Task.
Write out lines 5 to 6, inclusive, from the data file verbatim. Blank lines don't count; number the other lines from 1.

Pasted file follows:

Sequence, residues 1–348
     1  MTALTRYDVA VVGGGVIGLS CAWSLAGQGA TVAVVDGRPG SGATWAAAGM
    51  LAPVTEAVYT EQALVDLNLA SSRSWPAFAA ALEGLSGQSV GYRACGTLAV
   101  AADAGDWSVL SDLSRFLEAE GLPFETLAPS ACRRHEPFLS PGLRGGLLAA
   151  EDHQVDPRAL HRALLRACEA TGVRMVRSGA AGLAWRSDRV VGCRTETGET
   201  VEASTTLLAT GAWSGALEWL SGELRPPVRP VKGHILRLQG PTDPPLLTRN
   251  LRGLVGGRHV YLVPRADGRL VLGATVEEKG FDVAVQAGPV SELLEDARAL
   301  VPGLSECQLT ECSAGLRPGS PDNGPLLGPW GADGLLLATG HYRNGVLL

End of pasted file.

   151  EDHQVDPRAL HRALLRACEA TGVRMVRSGA AGLAWRSDRV VGCRTETGET
   201  VEASTTLLAT GAWSGALEWL SGELRPPVRP VKGHILRLQG PTDPPLLTRN